Rethinking necessities

Photo courtesy of brtsergio.

By Leo

One of the basics of minimalism is that you eliminate as many non-necessities as you can, to make room for what’s important.

If you don’t need a ton of clothing, you get rid of much of it. If you don’t need that new gadget, you don’t buy it. Within reason, of course.

You learn to be content with what you already have, with the necessities, with doing things you love rather than having things.

But it’s funny, because often things we assume are necessities are not necessarily so. The problem is that we categorize things as necessities because we’re used to them, and we can’t see how to live without them. And it’s difficult to make big changes.

Some examples:

  • A car. Cars are seen as necessities, but amazingly, people lived without them for quite awhile before the 20th century. Even today, some people manage to go carless. And it’s not impossible — especially if you live in a place with a decent public transportation system. And there are car sharing options now in many cities, so you can use a car when you need it, for much less than actually owning a car. It’s possible to bike and walk most places, and take public transit and shared cars everywhere else.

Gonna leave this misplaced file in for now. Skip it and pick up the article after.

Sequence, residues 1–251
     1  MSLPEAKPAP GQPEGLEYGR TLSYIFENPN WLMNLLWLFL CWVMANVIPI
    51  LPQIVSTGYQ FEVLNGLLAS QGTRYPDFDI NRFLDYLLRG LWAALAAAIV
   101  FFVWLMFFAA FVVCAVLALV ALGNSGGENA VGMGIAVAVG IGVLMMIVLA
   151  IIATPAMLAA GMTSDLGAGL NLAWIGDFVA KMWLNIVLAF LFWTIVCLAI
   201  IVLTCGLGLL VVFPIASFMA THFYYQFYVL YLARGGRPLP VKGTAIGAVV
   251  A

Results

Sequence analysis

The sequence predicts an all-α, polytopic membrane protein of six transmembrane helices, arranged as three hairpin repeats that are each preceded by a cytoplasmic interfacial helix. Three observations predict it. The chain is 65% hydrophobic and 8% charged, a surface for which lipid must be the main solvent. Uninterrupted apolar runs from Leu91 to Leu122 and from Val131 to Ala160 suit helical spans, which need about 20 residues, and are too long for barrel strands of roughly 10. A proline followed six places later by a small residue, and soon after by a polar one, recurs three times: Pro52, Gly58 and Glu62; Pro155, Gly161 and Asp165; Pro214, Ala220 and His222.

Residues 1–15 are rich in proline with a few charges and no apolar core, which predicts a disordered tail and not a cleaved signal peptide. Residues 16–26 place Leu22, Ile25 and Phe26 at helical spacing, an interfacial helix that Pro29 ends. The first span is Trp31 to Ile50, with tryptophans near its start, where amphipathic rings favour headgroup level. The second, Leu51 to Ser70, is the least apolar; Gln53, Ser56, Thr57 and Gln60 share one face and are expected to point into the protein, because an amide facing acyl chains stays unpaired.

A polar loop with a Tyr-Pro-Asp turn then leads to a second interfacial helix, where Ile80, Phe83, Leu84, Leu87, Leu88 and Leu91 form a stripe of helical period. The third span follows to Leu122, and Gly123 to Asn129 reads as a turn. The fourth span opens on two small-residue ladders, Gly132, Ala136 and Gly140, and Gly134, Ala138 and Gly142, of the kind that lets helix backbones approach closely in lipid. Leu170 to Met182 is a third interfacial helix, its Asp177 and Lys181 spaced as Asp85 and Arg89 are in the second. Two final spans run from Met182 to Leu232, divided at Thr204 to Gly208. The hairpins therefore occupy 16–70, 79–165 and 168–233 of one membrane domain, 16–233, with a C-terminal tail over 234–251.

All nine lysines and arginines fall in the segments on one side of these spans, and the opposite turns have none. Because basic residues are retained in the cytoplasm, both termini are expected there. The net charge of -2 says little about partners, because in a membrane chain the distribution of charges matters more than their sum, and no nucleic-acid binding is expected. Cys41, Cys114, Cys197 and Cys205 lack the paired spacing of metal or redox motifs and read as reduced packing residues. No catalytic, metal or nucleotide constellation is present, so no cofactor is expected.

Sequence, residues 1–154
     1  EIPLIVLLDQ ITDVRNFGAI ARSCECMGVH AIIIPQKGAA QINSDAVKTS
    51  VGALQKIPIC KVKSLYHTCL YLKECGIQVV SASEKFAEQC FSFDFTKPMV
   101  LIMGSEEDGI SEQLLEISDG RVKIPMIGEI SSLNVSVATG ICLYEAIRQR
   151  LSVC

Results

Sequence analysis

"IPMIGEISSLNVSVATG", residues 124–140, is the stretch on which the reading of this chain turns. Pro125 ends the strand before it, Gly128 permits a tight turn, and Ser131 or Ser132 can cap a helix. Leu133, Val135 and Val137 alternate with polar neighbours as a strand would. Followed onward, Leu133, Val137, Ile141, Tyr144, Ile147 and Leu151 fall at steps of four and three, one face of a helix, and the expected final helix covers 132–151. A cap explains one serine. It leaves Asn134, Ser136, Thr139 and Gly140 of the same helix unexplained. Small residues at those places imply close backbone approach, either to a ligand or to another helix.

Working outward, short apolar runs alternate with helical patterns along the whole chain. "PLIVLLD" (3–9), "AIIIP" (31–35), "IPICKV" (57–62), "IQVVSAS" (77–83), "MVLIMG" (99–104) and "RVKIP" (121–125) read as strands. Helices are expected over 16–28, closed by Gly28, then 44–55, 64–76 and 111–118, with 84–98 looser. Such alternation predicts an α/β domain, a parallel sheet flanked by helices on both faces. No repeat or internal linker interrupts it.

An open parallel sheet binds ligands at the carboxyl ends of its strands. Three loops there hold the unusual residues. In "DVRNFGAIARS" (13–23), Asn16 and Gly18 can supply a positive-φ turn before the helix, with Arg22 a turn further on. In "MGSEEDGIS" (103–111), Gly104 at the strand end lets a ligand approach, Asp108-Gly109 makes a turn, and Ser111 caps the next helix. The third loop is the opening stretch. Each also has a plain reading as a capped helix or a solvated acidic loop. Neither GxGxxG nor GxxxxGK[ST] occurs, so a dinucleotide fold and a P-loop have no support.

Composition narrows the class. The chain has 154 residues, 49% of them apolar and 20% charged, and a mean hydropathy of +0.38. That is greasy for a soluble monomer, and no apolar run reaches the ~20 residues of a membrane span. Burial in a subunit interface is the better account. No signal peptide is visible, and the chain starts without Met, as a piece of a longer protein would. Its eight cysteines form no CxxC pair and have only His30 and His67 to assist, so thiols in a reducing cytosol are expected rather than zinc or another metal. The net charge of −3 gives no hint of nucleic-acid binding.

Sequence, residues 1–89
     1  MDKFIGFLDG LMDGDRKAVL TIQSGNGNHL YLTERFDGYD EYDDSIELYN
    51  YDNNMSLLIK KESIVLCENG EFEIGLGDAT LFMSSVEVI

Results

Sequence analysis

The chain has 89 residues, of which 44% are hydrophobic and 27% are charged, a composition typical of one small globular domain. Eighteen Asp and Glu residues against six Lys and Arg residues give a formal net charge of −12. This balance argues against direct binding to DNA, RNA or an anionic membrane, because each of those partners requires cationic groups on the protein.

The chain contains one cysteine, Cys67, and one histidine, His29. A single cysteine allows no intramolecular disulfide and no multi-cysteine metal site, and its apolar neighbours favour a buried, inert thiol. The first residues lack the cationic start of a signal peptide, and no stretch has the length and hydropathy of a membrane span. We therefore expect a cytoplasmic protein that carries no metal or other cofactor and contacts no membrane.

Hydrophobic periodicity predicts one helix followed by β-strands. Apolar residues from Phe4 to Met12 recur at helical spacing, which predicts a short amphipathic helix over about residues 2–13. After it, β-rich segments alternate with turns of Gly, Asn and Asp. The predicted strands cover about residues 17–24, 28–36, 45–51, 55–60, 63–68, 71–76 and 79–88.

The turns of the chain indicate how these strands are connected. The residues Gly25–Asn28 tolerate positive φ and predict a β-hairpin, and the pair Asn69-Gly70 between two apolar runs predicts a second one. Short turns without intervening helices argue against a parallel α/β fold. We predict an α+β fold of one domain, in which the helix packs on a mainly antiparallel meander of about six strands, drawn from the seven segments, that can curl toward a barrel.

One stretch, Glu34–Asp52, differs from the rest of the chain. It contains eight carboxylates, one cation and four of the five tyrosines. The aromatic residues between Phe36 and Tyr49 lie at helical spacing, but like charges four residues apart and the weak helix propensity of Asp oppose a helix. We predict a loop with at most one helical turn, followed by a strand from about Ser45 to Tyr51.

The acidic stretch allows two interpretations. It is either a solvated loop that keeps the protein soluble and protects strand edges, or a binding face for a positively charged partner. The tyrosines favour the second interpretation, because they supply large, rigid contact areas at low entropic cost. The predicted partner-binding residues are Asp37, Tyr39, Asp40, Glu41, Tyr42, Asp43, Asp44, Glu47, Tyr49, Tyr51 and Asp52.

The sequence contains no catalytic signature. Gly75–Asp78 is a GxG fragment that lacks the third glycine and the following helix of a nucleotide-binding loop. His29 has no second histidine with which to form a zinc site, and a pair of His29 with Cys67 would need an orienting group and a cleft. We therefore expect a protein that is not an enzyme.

• Meat. Many people believe they can’t live without steaks and burgers. And I was one of them. These days, I’m not only vegetarian, but mostly vegan. And it’s not that hard to change, if you do it slowly. It’s also healthier and better for the environment — meat and dairy animals are tremendously harmful to the environment and a huge waste of our natural resources.
  • Lots of clothes. While I don’t advocate going naked (though some do it) nor do I recommend just owning one outfit, it is possible to own less clothing than most people have. We don’t need to constantly buy clothes to stay fashionable — we can buy quality, timeless clothing, with colors and patterns chosen so that all our clothes go with each other.
  • A big house. Have less stuff, you need less house.

These are just a few examples — think about all the things you consider necessities. Are they really? What’s really needed, beyond food, shelter, basic clothing, and loved ones?

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